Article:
Medicare patients in hospice care were less likely to be visited by professional staff in the last two days of life if they were black, dying on a Sunday or receiving care in a nursing home, according to an article published online by JAMA Internal Medicine.
Hospice programs do not have any mandated minimum number of required visits for the most common level of hospice care referred to as routine home care (RHC). However, a hospice program must deliver the highest possible quality of care for the dying person and support family members in their role as caregivers with the payments they receive from Medicare.
Joan M. Teno, M.D., M.S., of the University of Washington, Seattle, and coauthors examined Medicare administrative claims data for the federal fiscal year 2014 to look at patterns in visits by hospice professional staff to the dying patient and their family in the final two days of life.
The study included 661,557 Medicare patients and of them, 81,478 or 12.3 percent, received no professional staff visits in the last two days of life, according to the results. Variations existed by state with Alaska having the highest proportion of patients not receiving visits from professional staff in the last two days of life (97 of 492 patients or 19.7 percent). In Wisconsin, the proportion was 3.8 percent (590 of 15,399 patients), according to the results.
Analysis of 3,448 of the hospices in the study group found that 281 hospice programs (8.1 percent) provided no visits during the last two days of life, while 21 hospice programs (0.6 percent) provided visits to 100 percent of their patients receiving RHC services during the last two days of life.
The authors report variation by patient characteristics. Black patients were less likely to have any visits from professional staff in the last two days of life (white patients 12 percent vs. black patients 15.2 percent); hospice patients in nursing homes also had a higher proportion of not having any visits from professional staff in the last two days of life (patients in nursing homes 16.5 percent vs. patients not in nursing home 10.6 percent); and about 1 in 5 patients who died on a Sunday (20.3 percent) did not have a visit from professional staff in the last two days of life, the results indicate.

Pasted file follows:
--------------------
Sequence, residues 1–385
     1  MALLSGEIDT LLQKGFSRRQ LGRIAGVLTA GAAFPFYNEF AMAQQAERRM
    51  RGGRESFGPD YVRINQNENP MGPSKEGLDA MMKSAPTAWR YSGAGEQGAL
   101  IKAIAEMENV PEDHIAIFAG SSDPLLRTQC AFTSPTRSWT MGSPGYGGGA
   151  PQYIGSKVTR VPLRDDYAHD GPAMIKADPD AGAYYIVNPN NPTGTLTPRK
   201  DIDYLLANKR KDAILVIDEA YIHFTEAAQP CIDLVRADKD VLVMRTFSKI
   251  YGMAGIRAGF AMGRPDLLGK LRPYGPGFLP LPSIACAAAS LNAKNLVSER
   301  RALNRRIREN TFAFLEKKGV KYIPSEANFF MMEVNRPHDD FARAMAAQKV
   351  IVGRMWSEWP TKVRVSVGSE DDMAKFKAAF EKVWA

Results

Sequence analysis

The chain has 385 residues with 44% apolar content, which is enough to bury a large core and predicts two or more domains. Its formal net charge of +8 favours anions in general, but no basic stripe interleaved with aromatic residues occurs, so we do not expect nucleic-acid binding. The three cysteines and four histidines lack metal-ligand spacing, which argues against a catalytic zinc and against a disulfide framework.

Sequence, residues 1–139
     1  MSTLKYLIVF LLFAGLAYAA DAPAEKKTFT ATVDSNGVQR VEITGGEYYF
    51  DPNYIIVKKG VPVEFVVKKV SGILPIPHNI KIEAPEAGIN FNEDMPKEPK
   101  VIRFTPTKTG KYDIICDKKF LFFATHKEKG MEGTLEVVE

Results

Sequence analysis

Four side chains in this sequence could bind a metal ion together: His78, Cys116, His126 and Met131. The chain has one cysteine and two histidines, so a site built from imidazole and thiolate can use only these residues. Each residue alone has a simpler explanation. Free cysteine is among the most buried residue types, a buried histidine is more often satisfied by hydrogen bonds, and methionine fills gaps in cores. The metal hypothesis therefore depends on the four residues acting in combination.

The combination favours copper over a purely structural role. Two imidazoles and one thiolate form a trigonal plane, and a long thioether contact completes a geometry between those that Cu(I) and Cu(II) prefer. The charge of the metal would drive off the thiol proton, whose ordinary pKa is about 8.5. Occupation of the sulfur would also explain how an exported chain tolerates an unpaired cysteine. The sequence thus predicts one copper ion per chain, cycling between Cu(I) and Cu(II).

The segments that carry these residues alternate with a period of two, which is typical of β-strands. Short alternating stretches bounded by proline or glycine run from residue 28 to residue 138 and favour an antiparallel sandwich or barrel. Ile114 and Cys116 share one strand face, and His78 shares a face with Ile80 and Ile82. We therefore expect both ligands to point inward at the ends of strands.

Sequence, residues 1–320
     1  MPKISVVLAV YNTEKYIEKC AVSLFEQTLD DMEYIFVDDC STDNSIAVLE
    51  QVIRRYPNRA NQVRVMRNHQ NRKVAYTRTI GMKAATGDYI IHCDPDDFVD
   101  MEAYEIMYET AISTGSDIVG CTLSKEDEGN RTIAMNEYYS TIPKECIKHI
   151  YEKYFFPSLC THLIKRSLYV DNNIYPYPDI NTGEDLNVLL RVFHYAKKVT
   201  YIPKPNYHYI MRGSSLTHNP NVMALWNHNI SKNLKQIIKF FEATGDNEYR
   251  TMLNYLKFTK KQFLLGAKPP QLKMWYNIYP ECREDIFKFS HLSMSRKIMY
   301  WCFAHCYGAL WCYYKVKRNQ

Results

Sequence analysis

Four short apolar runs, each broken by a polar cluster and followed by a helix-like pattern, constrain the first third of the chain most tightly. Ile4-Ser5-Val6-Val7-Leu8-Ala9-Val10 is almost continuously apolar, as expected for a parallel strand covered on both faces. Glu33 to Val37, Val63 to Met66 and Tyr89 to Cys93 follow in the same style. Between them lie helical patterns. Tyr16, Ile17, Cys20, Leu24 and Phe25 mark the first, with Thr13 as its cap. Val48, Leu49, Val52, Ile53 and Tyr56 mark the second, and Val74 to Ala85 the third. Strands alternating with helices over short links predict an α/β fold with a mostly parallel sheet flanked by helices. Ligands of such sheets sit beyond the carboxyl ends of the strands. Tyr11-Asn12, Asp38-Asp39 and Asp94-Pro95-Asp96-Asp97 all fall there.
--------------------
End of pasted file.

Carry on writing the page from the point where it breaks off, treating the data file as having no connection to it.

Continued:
There also was variation by hospice program characteristics with smaller hospice programs (90 deaths or less) and hospice programs based in nursing homes less likely to provide visits in the last two days of life. Visits did not differ by for-profit or nonprofit status, the authors report.
The study has limitations that include not having knowledge of the severity of the symptoms of the dying patients or the family preference for a visit. It is also possible that professional staff had previously determined that a visit during the last two days of life was not needed.
"Our findings that professional staff from 281 hospice programs, which had at least 30 discharges, did not visit any of their patients who received RHC services during the last two days of life raises concerns that deserve further research to understand whether a lack of visits by professional staff affects the quality of care for that dying patient and their family. In addition, black patients and frail, older patients residing in nursing homes often did not receive visits from hospice staff in the last two days of life, providing evidence of disparities of care found in other area of health care," the study concludes.
Commentary: Variability in Hospice Care at the Very End of Life
"In this issue of JAMA Internal Medicine, Teno and colleagues present more evidence that hospice agencies differ in how they support patients at the very end of life. ... The Centers for Medicare & Medicaid Services is particularly concerned about this variability. Owing to worries about whether beneficiaries and their families are receiving needed hospice care and support at the very end of life, the Centers for Medicare & Medicaid Services is planning to reform payments to hospice agencies," write Eric Widera, M.D., of the University of California, San Francisco, and Shaida Talebreza, M.D, of the University of Utah School of Medicine, Salt Lake City, in a related commentary.